Official Calls For A National Dialogue In Eswatini Questioned By Opposition, Critics

The authorities of Eswatini (formerly called Swaziland) have called for a national dialogue after weeks of protests. Popular discontent in Africa’s only remaining monarchy has led to hundreds of businesses being burned, dozens of deaths, and many more injuries. The need for dialogue is obvious, but what’s less obvious is how many concessions the state is willing to make.

Protests began earlier this year after the death of Thabani Nkomonye, a 25-year-old law student who’d been taken into police custody. Nkomonye died under mysterious circumstances, and it’s widely believed that the cause was police brutality. This underscores a problem in Eswatini that has been highlighted before: the fact that brutality and torture occur but are very rarely reported to authorities. The protests were exacerbated after authorities put a ban on petitions to King Mswati III. Petitions are one of the few ways for citizens to raise grievances, highlighting another aspect of the discontent. During the protests, there have been accusations of live ammunition being used against people. Officially, 27 have died, but this number is twice as large according to opposition sources. 150 have been injured so far.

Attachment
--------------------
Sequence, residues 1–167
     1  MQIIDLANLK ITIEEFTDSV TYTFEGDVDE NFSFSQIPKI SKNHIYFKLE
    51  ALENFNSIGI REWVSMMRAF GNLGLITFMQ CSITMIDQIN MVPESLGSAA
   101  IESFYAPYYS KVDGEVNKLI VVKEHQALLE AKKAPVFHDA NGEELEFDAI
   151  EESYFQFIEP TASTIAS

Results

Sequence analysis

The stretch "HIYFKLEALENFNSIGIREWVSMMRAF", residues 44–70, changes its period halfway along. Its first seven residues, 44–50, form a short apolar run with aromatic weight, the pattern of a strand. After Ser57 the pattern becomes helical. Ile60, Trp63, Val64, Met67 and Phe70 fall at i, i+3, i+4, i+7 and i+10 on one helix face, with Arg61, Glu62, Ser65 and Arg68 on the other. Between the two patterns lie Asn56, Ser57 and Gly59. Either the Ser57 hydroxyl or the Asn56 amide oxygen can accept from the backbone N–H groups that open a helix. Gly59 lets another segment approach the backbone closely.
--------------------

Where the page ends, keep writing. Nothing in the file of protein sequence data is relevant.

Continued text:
These protests highlight two, intertwined issues: the brazenness of the police and of the king. The negligence and lack of police accountability are one issue, but the opulence of the king and his family are another. In a country of 1.6 million people, where 60% live in poverty, the attitude of state leadership has not been conducive towards popular wellbeing. While local-level representatives can be chosen by the people, the king reserves the right to control parliament, appoint ministers, and choose MPs. Opposition parties and dissidents have also been muzzled under terrorism laws.

People are rightly cynical of this call for a national dialogue. Previous protests have been brushed off by the government and 35-year ruling king. For example, the 2011 “Swazi Spring” was mediated by concessions that led nowhere when it came to the ruling of the country and the wellbeing of its citizens. There are some marked differences this time, however.

While past protests have been led by trade unions and other organizations, this one is cross-factional and popular. This means two things. For one, it’s more difficult to suppress and offer concessions to. A popular front wants a wide manner of things, and the king is seen as the problem. Being the last absolute monarch of Africa and presiding over a country where over half the population lives under the poverty line is not a good look for the monarchy. On the other hand, the popular characteristics of this protest offer a disjointed patchwork of goals and objectives. This could potentially work to benefit the protestors since officials will be forced to make more widespread compromises. On the other hand, a movement without a singular voice is only as strong as the emotions behind it.

Whether this is a tipping point will remain to be seen, but the writing is on the walls. The people are more unhappy than ever and in the best position so far to push for meaningful change in Eswatini. What’s lacking is a political imagination in tune with the people’s needs, and as the last monarch of Africa, the blame falls squarely on King Mswati III.